That “much bigger threats” comment refers to the new trend of podcast “exclusives” — like those on Luminary or Spotify, which aren’t available to the public. Arguably, these aren’t podcasts in the strictest sense of the word — they’re audio programs.

The clips-sharing feature takes the opposite position. The podcasts this feature helps to promote are open and accessible to the public — and now all of the content inside each episode is more accessible, too.

Luminary ‘retooling’ after podcasters request removal from service

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Last month, a New York Times piece heralded the arrival of Luminary. The story focused on the startup’s healthy funding (almost $100 million) and its “subscription-based business model that it hopes will push the medium into a new phase of growth.” You’d be hard-pressed to find better circumstances under which to launch your startup.

A month and a half later, Luminary is live, and most of that good will seems to have evaporated. A number of prominent podcast hosts have requested that their shows be pulled from the “Netflix of podcasts.”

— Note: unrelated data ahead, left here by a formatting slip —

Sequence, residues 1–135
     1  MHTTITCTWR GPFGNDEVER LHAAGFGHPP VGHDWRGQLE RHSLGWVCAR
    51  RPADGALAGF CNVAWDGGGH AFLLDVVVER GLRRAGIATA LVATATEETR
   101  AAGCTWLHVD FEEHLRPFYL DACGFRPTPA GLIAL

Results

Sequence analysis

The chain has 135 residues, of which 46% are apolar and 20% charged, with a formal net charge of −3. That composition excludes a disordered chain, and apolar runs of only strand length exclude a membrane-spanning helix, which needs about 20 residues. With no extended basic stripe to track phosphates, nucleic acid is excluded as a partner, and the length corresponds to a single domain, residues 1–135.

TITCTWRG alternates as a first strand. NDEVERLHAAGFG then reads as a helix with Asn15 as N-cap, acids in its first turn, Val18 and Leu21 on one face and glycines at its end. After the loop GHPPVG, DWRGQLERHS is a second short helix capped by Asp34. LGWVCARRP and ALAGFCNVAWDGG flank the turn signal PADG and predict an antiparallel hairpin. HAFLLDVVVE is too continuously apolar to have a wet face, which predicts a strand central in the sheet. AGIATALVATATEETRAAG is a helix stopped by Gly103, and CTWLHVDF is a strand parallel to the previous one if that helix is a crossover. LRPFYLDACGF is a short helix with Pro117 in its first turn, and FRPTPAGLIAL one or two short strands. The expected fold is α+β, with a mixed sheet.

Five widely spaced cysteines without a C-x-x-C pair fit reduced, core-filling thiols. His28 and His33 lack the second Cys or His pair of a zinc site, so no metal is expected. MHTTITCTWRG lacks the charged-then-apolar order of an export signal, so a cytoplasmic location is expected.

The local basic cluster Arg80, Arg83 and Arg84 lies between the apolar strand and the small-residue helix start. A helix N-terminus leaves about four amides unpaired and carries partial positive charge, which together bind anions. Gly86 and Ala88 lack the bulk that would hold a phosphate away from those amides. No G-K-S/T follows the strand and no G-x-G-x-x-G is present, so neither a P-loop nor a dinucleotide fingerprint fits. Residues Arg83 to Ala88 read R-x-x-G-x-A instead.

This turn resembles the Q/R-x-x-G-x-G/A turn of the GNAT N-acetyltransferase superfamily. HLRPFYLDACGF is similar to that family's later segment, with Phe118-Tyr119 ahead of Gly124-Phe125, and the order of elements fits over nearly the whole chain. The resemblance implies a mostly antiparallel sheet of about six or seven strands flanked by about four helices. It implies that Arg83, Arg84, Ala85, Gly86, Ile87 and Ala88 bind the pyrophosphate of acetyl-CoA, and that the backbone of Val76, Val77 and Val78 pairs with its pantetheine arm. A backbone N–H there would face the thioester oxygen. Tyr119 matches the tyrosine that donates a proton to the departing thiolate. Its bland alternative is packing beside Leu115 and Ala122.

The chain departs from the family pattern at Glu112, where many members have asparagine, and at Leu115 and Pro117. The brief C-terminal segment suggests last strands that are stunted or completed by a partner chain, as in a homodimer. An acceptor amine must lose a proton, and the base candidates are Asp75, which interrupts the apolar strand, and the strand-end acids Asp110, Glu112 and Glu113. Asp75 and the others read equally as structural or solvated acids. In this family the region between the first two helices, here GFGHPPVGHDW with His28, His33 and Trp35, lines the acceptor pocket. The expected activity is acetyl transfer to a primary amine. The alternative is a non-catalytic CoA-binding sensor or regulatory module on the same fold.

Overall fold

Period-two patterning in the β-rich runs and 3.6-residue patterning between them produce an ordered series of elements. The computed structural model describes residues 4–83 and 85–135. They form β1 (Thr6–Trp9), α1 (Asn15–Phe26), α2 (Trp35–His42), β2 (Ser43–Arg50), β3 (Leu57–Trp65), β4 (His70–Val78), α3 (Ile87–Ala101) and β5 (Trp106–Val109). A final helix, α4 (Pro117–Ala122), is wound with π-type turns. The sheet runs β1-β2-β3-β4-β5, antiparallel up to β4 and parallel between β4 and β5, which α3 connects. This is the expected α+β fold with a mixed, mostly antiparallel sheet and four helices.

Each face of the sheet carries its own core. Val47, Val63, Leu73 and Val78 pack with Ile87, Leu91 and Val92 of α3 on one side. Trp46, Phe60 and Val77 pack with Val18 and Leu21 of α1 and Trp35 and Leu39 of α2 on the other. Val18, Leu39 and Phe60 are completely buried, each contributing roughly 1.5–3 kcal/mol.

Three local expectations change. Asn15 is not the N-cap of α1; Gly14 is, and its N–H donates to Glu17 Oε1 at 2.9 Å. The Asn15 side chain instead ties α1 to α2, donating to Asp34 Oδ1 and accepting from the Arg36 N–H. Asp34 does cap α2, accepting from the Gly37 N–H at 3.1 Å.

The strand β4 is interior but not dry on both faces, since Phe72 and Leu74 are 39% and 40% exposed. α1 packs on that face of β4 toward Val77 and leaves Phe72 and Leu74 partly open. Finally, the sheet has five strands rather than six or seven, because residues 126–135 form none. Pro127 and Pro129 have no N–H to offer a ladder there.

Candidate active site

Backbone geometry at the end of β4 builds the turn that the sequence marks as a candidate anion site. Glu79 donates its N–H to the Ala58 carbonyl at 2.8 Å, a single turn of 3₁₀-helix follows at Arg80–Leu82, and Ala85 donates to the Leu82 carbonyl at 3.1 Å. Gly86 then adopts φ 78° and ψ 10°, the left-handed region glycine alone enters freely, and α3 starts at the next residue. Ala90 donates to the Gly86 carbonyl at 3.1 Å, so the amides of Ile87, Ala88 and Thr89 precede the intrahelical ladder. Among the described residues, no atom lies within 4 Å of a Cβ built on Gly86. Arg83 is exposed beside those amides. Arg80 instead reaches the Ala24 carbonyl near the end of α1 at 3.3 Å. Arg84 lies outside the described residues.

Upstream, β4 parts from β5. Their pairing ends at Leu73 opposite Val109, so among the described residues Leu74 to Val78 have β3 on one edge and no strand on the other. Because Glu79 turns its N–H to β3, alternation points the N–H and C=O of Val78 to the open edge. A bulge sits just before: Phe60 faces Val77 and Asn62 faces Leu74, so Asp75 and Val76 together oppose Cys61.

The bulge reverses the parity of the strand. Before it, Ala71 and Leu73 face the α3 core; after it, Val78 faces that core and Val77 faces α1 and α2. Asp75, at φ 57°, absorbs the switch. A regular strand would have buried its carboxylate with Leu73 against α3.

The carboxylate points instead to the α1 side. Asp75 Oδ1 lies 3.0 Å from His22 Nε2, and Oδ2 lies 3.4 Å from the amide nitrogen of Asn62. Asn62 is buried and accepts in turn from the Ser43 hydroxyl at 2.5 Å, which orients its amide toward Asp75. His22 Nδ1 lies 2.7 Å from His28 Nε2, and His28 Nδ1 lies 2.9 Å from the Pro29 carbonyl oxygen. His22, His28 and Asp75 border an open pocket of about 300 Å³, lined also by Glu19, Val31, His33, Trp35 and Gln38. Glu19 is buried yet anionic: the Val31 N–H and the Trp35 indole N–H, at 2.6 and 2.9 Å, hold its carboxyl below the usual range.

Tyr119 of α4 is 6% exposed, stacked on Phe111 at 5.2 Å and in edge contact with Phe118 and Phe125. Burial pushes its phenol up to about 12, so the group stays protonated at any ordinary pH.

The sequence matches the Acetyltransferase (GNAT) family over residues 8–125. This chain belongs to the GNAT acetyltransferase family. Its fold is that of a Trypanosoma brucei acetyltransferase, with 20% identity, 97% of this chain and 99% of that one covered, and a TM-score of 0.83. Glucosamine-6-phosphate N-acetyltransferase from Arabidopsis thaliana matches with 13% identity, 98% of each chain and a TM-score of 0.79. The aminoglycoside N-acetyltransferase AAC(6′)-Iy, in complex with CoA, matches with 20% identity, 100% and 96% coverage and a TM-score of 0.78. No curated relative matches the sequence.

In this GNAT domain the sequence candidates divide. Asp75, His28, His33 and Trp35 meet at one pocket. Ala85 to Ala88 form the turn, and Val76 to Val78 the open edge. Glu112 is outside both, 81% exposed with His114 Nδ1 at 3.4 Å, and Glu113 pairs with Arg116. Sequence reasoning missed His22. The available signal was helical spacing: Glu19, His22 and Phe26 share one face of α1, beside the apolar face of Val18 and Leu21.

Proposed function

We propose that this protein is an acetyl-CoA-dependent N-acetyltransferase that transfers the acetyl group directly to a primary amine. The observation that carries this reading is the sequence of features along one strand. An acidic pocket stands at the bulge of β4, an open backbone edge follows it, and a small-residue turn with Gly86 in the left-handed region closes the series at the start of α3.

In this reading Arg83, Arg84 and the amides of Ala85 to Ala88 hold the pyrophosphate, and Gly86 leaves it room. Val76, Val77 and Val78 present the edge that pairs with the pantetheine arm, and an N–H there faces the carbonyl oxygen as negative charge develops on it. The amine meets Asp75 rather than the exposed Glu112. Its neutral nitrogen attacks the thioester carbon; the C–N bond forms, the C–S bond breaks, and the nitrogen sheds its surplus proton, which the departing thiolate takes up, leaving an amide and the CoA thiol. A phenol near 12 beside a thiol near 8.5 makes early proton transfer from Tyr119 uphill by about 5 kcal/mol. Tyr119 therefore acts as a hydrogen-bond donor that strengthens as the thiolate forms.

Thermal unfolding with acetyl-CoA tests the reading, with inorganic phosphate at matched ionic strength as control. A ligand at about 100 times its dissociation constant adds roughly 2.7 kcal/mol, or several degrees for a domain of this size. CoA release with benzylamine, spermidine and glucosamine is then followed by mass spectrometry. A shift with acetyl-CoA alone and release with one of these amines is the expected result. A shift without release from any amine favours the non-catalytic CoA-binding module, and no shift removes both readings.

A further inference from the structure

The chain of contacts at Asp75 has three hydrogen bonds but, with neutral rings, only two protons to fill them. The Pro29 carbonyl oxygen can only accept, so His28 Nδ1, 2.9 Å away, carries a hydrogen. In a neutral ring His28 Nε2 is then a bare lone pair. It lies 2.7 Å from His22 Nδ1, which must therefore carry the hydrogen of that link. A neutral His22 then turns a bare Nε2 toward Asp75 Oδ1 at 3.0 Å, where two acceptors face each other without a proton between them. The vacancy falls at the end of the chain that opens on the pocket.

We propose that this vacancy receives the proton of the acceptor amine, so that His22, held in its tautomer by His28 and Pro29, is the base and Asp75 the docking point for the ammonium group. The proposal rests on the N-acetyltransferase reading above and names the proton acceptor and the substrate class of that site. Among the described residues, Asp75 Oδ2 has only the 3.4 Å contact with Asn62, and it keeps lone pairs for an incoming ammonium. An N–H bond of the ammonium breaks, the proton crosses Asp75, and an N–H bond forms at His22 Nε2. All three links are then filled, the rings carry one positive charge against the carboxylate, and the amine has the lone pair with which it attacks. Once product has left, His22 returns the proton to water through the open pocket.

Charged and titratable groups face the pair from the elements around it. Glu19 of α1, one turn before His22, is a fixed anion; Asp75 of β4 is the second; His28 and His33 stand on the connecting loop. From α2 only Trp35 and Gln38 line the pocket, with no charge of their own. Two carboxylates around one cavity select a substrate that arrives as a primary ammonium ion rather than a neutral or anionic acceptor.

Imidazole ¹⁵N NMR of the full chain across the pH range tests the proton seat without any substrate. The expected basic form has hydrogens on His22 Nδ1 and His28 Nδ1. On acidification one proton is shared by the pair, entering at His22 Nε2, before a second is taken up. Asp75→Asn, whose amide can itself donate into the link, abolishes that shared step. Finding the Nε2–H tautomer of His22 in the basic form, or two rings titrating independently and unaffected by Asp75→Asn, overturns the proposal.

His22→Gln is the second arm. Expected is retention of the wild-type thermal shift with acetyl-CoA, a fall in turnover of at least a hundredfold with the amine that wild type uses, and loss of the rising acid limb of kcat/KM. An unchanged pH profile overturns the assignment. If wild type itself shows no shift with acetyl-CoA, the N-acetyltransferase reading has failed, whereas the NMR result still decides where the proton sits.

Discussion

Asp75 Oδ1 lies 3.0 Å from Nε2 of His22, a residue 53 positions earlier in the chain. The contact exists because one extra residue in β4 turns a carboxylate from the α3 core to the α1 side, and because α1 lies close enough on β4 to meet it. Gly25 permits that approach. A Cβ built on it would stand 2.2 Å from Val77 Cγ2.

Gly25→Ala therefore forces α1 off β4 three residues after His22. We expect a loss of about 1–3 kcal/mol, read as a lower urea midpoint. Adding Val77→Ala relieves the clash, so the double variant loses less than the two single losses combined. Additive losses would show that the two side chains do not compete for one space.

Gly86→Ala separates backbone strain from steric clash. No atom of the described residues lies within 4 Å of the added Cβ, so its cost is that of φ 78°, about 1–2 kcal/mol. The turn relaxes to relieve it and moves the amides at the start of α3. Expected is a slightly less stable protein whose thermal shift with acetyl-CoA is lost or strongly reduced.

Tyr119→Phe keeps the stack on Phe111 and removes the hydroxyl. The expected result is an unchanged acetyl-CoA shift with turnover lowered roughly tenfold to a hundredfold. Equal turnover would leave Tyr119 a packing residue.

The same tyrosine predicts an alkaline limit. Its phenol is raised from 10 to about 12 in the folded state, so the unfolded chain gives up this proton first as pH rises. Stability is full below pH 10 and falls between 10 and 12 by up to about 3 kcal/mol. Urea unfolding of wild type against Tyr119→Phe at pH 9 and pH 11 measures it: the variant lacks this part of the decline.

The $8 a month premium service has added shows to its walled-off network without the permission of creators. There are several TechCrunch shows up there, including Original Content, Mixtape, Equity and several now defunct titles. My personal podcast somehow made it on there, as well.

In some ways, it’s not entirely dissimilar from the way services like iTunes provide podcasts, but many have complained about a key issue with how shows are served up. The service clarified on Twitter today that it’s not re-hosting files as initially suspected. “Luminary is not caching any audio content for any open feed podcast,” it writes. “The Luminary audio link is simply a reference link that is marking audio metadata as the file is called through our proxy.”